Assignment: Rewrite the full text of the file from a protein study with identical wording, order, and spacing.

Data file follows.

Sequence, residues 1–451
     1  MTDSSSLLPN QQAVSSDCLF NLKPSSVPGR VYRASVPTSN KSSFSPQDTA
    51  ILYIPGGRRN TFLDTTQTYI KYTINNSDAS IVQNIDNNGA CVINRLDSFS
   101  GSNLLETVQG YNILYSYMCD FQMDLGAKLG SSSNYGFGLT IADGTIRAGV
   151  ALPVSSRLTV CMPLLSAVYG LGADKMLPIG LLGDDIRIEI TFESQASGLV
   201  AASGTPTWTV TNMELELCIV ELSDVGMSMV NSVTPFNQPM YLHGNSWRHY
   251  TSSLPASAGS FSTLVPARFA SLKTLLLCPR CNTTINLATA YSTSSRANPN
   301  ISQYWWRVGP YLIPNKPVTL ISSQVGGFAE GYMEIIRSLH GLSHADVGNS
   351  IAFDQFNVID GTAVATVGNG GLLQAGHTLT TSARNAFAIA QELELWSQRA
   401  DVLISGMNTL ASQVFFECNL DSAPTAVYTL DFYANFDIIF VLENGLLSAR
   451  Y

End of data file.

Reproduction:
Sequence, residues 1–451
     1  MTDSSSLLPN QQAVSSDCLF NLKPSSVPGR VYRASVPTSN KSSFSPQDTA
    51  ILYIPGGRRN TFLDTTQTYI KYTINNSDAS IVQNIDNNGA CVINRLDSFS
   101  GSNLLETVQG YNILYSYMCD FQMDLGAKLG SSSNYGFGLT IADGTIRAGV
   151  ALPVSSRLTV CMPLLSAVYG LGADKMLPIG LLGDDIRIEI TFESQASGLV
   201  AASGTPTWTV TNMELELCIV ELSDVGMSMV NSVTPFNQPM YLHGNSWRHY
   251  TSSLPASAGS FSTLVPARFA SLKTLLLCPR CNTTINLATA YSTSSRANPN
   301  ISQYWWRVGP YLIPNKPVTL ISSQVGGFAE GYMEIIRSLH GLSHADVGNS
   351  IAFDQFNVID GTAVATVGNG GLLQAGHTLT TSARNAFAIA QELELWSQRA
   401  DVLISGMNTL ASQVFFECNL DSAPTAVYTL DFYANFDIIF VLENGLLSAR
   451  Y